Colleen Flaherty reports that VSU will be “laying off 33 staff and faculty members, including some on the tenure track”. Announcements went out this week. I think that means impacted staff and faculty get to work and look for work for the next academic year, rather than being unemployed immediately.
Last week, non-tenure-track and tenure-track faculty members affected by the cuts received calls or emails asking them to meet with their dean. In 15-minute appointments, one after the other, the faculty members were notified that declining enrollment and related budgetary concerns made it impossible for the university to retain them. The university has not released the exact number of tenure-track professors it’s letting go.
The article outlines some familiar features, such as campus leadership’s argument that declining enrollment and reduced state support have caused financial problems.
Cecil P. Staton, interim president, blamed the cuts on a 17 percent enrollment decline since the university’s peak in 2011.
“In preparing the budget for 2016-2017, Valdosta State University’s enrollment decline translates into a state funds decline of $2.4 million,” he wrote. “Loss of tuition income results in a further $1 million reduction in revenue. Both must be accounted for in the new budget proposal.”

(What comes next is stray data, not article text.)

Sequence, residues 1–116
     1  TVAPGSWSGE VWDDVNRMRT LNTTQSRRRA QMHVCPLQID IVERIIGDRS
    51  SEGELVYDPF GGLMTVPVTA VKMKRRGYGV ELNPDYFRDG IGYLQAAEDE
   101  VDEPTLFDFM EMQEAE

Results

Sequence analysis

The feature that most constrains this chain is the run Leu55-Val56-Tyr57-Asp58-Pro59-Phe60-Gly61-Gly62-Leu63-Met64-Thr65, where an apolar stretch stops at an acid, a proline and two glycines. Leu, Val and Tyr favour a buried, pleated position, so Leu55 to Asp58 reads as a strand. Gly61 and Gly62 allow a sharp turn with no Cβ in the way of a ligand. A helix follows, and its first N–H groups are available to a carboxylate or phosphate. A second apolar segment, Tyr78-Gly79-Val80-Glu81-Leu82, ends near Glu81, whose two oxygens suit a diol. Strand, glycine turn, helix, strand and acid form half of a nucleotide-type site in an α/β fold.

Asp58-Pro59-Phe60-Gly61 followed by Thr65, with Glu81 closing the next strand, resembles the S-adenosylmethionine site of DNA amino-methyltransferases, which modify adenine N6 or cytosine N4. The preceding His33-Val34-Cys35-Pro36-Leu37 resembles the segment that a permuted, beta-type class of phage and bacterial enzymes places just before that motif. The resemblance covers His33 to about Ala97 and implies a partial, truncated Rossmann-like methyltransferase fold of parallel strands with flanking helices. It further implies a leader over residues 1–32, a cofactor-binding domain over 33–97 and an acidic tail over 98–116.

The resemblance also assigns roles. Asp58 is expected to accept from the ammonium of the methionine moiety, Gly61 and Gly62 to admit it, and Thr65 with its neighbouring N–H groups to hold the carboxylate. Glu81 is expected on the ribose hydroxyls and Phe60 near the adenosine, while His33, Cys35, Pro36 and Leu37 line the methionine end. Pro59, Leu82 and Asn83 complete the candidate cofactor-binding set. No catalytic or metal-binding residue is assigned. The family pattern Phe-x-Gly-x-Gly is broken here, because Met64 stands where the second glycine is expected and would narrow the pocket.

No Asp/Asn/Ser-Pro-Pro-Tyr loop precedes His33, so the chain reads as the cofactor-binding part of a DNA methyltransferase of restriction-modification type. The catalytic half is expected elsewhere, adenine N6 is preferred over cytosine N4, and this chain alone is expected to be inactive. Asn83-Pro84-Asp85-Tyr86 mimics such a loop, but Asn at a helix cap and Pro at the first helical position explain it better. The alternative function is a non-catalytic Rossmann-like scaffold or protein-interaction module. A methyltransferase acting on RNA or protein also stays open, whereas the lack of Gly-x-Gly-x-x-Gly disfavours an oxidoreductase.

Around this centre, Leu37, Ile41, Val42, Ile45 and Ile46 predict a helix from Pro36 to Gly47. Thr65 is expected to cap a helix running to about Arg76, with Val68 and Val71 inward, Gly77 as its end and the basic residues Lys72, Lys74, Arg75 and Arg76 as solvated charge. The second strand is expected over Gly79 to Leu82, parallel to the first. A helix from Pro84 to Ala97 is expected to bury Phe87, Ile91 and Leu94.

According to one local report, 18 open positions have gone unfilled this year, “meaning the total number of positions eliminated by VSU is actually 51.”
Interestingly, VSU’s president has only been in the office a few weeks, since this July 1st. Perhaps making these cuts is his charge.
The IHE article suggests these cuts might not occur in the usual queen sacrifice setting:
There was talk of declining enrollment since 2011, but no sense of crisis and no declaration of financial exigency. The cuts also seemed haphazard, since some laid-off faculty members in the sciences said they actually made money for the university in external grants.
There hasn’t been a declaration of financial exigency, but institutions doing queen sacrifices rarely claim that status.